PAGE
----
I have every right to speak against Papandeou. I am one of the victims of his policy here in Greece. I’m jobless for more than three years. I have no income at all but Papandreou is free to travell around the world making money out of my misery which he is responsible for. Please stop calling people fascists because we are not. Stop putting labels on people you haven’t ever met. If democracy means Greek people have no right to speak but Mr Papandreou has every right to then i rest my case. And yes we’ll grap the opportunity given here if this means that our voice will be heard around the world and we send a message loud and clear. Greek people suffer but no one seems to pay attention. No one seems to pay attention that we were stollen the right to live. All you care about is Papandreou’s rights and his feelings. And i can only wonder why he can freely enjoy democracy but i can’t?

    • ipolis says:

      Get a life man! Papandreou was up there for two years, I guess you found work with Samaras and co.

      • efista says:

        I would have a life if Mr Papandreou and Samaras and many other greek politicians had done the right thing for their people the last 40 years in Greece. All i can say given your attitude towards s’one who is one of the thousands of the victims of economic crisis’ in Europe is that you still have a life and that is why you think that all this is pointless or even stupid.

      • ipolis says:

        There are millions without work across Europe. What you try to say is that you will not get a government job anymore and you will have to stop drinking Frape and enjoy those Gucci handbags. These people you condemn are still in power, why? They were voted democratically so you have no right to denounce them. Do a revolution, what happened to “Aganaktismenous”, after Papandreou fell, they disappeared. Which leads me to a conclusion that Media is controlling the hearts and the minds of Greek people and this is down to lack of proper education. In other words, we should not pinpoint the problem to few men, as you lot are doing, but to the people who voted for them, in other words your father and mother and many other Greeks.

      • efista says:

        My dream has never been to work in public sector as you say and it isn’t my dream now. I had a job in private sector for 15 years but the company closed down due to the economic crisis. Furthermore you say things about people you have never met and that is not right. Putting labels on a whole nation isn’t right or fair either. However i can understand when you say that it was and still is in our hands to change things and replace all those politicians who are responsible for what is happening. And i agree that many greeks, mainly older people have to change their attitude and try to put public interest above everything and vote having that in mind. However i can’t not denounce the fact that politicians are mainly responsible for what is happening. They lied, stole, and misled greeks who believed them but i hope and want to believe that greeks have learned their lesson and will be more carefull in the future.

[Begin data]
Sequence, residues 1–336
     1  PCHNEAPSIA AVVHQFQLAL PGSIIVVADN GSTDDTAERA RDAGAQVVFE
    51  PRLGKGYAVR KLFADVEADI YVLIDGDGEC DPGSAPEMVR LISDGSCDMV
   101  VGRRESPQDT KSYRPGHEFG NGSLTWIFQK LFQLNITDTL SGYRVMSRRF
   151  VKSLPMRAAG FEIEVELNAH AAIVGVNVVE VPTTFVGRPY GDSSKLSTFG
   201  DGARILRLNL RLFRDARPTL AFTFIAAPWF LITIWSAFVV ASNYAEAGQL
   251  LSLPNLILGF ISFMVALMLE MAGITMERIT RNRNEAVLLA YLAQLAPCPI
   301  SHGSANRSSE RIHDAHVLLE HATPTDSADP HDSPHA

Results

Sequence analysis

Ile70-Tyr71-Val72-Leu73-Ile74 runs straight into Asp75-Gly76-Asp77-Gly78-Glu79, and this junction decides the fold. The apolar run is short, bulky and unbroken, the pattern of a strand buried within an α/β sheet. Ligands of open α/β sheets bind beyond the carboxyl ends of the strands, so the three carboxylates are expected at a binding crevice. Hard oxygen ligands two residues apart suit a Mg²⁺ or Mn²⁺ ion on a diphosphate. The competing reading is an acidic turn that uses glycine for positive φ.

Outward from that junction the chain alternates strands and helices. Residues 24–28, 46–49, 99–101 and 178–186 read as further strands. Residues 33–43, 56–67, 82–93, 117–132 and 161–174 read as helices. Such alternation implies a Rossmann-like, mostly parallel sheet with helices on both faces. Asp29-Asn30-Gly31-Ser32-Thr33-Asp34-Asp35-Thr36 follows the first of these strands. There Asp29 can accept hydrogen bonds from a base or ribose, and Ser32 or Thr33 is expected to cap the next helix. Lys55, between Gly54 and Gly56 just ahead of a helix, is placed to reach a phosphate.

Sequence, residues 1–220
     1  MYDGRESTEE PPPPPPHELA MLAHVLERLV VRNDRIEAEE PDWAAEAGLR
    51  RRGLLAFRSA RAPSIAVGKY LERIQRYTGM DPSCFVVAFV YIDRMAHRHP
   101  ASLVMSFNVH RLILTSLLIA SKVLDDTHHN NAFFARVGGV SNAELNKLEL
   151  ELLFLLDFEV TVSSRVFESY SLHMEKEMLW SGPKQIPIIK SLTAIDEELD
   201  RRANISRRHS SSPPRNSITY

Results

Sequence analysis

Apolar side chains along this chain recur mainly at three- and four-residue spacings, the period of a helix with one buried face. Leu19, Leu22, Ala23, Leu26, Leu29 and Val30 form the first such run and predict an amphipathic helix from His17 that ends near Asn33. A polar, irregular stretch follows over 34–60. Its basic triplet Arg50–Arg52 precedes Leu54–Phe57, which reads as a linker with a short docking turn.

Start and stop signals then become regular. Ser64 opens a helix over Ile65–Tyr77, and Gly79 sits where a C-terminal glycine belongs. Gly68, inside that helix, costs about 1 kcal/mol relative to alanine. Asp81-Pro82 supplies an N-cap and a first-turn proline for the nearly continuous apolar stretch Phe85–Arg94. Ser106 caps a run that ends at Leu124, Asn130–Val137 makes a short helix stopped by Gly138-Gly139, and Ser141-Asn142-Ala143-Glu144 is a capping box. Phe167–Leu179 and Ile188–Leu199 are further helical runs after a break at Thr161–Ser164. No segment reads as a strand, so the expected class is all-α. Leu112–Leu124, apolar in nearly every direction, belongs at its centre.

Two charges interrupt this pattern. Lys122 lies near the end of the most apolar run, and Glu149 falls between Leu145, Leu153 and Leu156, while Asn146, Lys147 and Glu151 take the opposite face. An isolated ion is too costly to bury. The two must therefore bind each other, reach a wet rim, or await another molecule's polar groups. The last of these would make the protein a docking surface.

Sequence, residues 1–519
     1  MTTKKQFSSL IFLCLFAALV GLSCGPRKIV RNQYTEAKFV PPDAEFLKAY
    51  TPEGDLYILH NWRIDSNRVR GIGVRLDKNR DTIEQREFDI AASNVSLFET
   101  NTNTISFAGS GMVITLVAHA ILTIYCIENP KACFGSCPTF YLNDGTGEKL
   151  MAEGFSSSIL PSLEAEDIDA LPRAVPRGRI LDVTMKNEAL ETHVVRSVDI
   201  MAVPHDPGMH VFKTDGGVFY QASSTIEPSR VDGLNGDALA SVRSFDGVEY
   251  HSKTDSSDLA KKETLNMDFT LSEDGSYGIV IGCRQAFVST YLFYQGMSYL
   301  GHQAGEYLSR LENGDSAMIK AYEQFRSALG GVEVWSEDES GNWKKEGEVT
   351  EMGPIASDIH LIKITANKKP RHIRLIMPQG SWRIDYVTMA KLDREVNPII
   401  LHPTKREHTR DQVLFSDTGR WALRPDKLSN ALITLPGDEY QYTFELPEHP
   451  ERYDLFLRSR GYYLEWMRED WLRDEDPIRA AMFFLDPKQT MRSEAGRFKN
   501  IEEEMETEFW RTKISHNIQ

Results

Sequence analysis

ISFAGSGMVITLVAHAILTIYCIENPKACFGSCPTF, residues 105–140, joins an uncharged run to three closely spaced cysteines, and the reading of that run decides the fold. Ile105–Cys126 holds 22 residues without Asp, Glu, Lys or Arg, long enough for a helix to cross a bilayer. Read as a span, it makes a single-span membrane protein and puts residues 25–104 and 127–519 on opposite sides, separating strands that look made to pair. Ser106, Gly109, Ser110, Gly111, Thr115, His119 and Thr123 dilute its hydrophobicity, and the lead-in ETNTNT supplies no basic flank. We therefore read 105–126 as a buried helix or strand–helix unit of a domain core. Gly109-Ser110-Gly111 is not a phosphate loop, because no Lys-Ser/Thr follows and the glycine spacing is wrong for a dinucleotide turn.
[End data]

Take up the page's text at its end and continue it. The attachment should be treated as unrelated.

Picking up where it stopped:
• ipolis says:

        I am not defending any politician, I am questioning your motives for accusing only Papandreou, not letting him speak, which is blatant fascism. I think you label Papandreou, I don’t see you going after Karamanlis who was 5 years in charge before he run away as he was a coward. He is hiding while the other one still fights on for Greece. Papandreou made mistakes but was present and still is. He gave you the right to actively decide about YOUR future with the referendum but you said NO! So, if someone you need to blame for the demise of Greece is yourself. This where you start.

  10. efista says:

    First of all Papandreou is not the only one i put the blame on. I would have done the same thing if there was a petition against Samaras, Karamanlis etc etc. They all are responsibile because when they had the chance to tell the truth to greeks they chose not to. Karamanlis got down the easy way and just resigned as you say and then Papandreou lied by saying that Greece has money while he pretty well knew there was no money at all. He had secretly discussed the whole situation with IMF and we all know that is to be true as Strauss Kahn admitted himself. Samaras is not better either because all he was cared about is how he would get himself to be Greece’s prime minster. When he get there he forget everything and now he and PASOK are the best friends. As for the refendum let me tell you that no one asked me what i wanted. In the end i have to tell you that i don’t agree that Ppandreou is present because he is never here, in Greece. He is travelling around the world lecturing while he should travelling around trying to get new investments in his country, in Greece so that people have a chance in finding a new job.